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Culture of microbes from the rind of Twig Farm's Goat Tomme

The rind of cheese is home to a fascinating—and beautiful—community of microbes.

 

Red Hawk, Cowgirl Creamery

Red Hawk, Cowgirl Creamery

Red Hawk, Cowgirl Creamery

Red Hawk, Cowgirl Creamery

Bacteria and fungi growing together make up a microbial ecosystem, and as the microbes grow they contribute to the flavor, smell, and texture of the ripening cheese.

 

Saint Maure, Cooperative Gros Châne

Saint Maure, Cooperative Gros Châne

Saint Maure, Cooperative Gros Châne

Saint Maure, Cooperative Gros Châne

Saint Maure, Cooperative Gros Châne

Saint Maure, Cooperative Gros Châne

Saint Maure, Cooperative Gros Châne

Saint Maure, Cooperative Gros Châne

Saint Maure, Cooperative Gros Châne

The colonies you see in these images are formed by individual microbes, which were isolated from cheese rinds and grown on petri dishes in the laboratory.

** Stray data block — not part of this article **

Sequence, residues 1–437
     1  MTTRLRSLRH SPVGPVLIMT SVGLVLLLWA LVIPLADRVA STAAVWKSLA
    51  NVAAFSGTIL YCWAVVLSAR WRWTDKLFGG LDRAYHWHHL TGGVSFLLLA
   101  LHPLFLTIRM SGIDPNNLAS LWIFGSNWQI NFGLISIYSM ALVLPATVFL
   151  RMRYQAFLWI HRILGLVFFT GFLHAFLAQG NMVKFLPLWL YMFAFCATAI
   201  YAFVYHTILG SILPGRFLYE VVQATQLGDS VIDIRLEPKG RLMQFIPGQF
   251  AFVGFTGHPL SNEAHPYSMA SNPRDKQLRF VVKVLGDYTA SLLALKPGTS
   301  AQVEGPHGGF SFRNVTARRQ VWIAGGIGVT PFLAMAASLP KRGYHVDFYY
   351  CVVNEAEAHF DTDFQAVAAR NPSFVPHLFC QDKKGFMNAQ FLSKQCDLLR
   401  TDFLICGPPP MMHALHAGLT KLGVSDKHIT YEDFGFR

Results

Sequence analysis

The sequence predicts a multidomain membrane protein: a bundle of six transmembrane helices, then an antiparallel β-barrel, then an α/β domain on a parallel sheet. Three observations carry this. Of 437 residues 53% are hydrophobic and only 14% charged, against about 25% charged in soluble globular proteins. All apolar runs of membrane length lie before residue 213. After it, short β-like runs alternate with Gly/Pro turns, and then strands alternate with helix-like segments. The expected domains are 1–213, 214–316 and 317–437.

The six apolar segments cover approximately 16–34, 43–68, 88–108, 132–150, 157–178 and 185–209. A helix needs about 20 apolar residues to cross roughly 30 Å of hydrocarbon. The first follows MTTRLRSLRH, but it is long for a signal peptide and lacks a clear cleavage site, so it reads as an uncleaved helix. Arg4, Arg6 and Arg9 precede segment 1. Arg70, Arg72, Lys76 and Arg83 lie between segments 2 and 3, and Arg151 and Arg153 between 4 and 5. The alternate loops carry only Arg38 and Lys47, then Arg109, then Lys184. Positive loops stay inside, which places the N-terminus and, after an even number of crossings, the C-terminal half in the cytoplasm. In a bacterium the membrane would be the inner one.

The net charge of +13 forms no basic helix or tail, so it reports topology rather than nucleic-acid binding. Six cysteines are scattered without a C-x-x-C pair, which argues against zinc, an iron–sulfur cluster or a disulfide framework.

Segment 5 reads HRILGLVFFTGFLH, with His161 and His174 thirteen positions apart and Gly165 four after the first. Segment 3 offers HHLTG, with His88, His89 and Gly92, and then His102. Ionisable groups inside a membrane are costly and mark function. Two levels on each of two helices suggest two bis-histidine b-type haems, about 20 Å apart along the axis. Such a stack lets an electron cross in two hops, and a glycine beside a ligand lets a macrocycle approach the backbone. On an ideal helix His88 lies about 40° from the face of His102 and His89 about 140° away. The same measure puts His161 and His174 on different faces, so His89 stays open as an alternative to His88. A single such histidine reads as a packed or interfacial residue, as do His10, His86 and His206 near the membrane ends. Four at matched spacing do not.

Clothbound Cheddar, Cabot

Clothbound Cheddar, Cabot

Clothbound Cheddar, Cabot

 

Stichelton, Stichelton Dairy

Stichelton, Stichelton Dairy

Stichelton, Stichelton Dairy

Corsu Vecchiu

Corsu Vecchiu

Corsu Vecchiu

My research is focused on understanding the various ways in which these microbes interact with each other.

 

Bayley Hazen Blue, Jasper Hill Farm

Bayley Hazen Blue, Jasper Hill Farm

Bayley Hazen Blue, Jasper Hill Farms

 

Mt. Tam, Cowgirl Creamery

Mt. Tam, Cowgirl Creamery

Mt. Tam, Cowgirl Creamery

 

Twig Farm Goat Tomme, Twig Farm

Goat Tomme, Twig Farm

Goat Tomme, Twig Farm

Goat Tomme, Twig Farm

Ultimately, I hope to discover what cheese microbes can teach us about the microbial ecosystems found throughout nature.

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